Frequently Asked Questions

Have questions about your business valuation? Review these answers to some of our most frequently asked questions for more insight.

What is a Business Valuation?

A business valuation is a process that determines the overall economic value of a business or corporation. Business valuations span many use cases, including determining a fair market value for the sale of the business, taxes, divorce settlements, and establishing joint ownership. This process is conducted by professional business evaluators who review the business’s history and potential in detail and deliver an objective estimate.

How to calculate a business valuation?

Business valuations are intricate processes that involve many moving parts. Many business valuations begin by looking at the company’s balance sheet, but it doesn’t end there. Business valuation experts will estimate the cost of a business’s assets, equipment, and inventory, review its debts and liabilities, and project its revenue and earnings. The process also uses earnings multipliers to calculate the price-to-earnings (P/E) ratio that estimates the company’s earnings over the next several years.

How much does a business valuation cost?

Professional business valuations can vary in cost since no two are quite alike. The industry “average” ranges from $3,000 up to $30,000 or more. The actual cost will depend on the complexity, industry, location, and time. With a few key details, your business valuation experts can provide an estimated cost upfront.

However, WestPac offers a complimentary, no-risk business valuation. If you are interested in learning more about that, simply contact us below!

What is the importance of business valuations?

Business valuations can be useful tools in a number of scenarios. For example, if you are considering selling your company, a business valuation can support your asking price or help you determine how much to sell for. You can also use your business valuation results to find new opportunities and costs as you plan for growth (and an eventual transition).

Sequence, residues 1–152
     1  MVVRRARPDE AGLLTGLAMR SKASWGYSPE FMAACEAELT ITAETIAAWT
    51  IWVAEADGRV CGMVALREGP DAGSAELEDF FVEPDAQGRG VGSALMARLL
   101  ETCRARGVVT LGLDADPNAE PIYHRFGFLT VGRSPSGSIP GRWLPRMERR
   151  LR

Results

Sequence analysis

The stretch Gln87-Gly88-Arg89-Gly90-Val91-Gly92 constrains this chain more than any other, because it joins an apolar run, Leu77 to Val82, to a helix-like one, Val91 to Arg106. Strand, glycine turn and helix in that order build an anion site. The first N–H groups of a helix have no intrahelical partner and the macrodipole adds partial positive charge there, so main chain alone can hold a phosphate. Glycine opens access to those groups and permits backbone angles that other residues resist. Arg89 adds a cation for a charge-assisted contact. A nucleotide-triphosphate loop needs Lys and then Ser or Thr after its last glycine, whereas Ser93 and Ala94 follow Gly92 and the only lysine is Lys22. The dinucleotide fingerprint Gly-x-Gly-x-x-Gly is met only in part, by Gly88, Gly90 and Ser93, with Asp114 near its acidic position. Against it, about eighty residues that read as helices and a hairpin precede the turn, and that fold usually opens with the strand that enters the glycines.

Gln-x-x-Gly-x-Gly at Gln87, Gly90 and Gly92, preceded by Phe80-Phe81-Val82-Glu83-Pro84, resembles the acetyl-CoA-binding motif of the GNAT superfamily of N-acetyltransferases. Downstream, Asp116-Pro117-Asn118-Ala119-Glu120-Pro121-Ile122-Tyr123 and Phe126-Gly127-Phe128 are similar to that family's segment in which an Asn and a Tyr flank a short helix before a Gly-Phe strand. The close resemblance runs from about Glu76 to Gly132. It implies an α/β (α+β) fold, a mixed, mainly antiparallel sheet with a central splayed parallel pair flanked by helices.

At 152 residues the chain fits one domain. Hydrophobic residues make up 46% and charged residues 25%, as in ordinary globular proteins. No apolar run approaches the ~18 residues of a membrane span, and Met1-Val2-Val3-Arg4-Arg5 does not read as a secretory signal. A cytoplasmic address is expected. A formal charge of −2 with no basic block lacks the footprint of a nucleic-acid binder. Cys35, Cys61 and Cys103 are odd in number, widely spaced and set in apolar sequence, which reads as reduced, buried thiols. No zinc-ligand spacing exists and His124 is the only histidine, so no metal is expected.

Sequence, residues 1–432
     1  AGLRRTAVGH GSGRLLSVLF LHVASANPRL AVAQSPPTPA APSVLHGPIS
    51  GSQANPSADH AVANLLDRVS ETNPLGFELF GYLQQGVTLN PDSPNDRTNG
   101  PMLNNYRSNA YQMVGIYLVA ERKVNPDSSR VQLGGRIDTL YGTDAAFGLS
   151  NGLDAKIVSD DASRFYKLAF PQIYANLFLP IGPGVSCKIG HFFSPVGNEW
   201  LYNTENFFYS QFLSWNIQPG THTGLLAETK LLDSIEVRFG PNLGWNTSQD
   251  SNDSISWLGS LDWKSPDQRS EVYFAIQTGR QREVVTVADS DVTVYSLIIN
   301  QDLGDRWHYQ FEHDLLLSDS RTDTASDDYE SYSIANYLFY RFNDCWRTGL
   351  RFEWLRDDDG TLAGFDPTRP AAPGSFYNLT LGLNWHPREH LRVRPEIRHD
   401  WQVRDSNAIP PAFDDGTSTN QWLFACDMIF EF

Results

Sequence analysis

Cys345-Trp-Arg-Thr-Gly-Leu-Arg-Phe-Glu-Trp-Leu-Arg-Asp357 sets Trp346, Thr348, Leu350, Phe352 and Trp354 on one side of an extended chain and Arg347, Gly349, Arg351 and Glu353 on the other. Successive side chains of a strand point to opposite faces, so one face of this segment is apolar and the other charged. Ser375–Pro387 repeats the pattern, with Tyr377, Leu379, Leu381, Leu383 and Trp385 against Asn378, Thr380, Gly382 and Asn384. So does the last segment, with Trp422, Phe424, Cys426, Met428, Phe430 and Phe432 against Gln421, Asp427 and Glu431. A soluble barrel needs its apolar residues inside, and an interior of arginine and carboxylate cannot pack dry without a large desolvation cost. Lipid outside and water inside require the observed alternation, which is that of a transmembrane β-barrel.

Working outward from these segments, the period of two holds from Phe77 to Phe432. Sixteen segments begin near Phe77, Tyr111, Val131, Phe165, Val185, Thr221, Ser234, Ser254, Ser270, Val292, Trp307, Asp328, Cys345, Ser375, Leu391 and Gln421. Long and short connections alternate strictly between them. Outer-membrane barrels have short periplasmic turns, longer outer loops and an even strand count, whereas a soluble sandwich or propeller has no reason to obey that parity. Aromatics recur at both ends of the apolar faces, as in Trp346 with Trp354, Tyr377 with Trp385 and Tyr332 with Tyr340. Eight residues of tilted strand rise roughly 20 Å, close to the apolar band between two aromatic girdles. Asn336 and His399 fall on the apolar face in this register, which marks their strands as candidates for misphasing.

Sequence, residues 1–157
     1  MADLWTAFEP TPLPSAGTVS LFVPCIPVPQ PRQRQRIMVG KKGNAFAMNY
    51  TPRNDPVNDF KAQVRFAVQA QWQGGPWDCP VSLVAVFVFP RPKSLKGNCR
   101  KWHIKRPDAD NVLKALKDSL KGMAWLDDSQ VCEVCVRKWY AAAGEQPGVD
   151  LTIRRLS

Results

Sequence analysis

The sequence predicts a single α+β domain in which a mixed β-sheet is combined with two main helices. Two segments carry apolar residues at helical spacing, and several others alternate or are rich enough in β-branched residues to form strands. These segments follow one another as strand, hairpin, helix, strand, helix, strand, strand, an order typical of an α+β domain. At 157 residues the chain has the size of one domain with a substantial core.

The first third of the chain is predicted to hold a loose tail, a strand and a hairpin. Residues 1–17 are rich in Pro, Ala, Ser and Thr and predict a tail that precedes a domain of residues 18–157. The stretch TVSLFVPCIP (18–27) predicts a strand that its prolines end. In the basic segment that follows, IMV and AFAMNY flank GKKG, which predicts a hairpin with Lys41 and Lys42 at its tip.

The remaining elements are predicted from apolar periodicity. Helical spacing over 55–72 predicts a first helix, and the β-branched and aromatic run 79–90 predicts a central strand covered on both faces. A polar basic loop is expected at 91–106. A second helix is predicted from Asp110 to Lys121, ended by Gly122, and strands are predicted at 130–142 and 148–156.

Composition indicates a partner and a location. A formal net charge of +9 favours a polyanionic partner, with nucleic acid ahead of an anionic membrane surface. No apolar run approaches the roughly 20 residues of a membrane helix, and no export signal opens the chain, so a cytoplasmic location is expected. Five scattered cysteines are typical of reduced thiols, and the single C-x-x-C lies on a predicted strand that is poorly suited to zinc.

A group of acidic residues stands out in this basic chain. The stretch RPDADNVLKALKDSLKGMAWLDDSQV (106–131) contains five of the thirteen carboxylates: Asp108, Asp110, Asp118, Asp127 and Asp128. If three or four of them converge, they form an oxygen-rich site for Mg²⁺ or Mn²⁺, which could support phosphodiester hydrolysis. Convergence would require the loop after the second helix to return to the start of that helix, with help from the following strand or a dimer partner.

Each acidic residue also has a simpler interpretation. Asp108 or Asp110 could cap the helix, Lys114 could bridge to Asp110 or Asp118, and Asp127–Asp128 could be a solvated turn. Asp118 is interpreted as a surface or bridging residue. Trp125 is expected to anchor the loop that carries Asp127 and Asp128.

Can a business have more than one value?

Your business’s value is a range, not an exact figure. Therefore, it’s possible for your business to have multiple “values” at once. Values can change depending on how you plan to exit your business (e.g., liquidation may hold a lower value compared to transitioning control to a shareholder or a portfolio buyer). Your business valuation team can provide further insight on this range of value.

Can a CPA do a business valuation?

CPAs are well-versed in business valuations, as they can compare your business’s assets vs debts and liabilities and give you a firm dollar value. However, they are not always the best resource when it comes to getting a thorough business valuation. Combining their experience with a professional business valuation specialist gives you a clearer picture of what your business might be worth.

 

Still have questions? Contact our team and let’s discuss!

Why WestPac Wealth Partners?

Why WestPac Wealth Partners?

Our teams of financial advisors and wealth managers assist our clients with managing finances in every aspect of their lives. We help each client shape their vision for the future and take the right steps today that will help them grow and protect their wealth over time and achieve long-term financial goals. To do this, we combine a methodical approach with a customized strategy that caters to each client’s unique needs to encourage confident decisions and generate financial stability.

To date, we have administered more than $1.8 billion in assets for more than 31,000 clients, including individuals, couples, and business owners.

Get in Touch

Are you ready to reveal the value of your business? Contact our team today below to schedule your complimentary business valuation.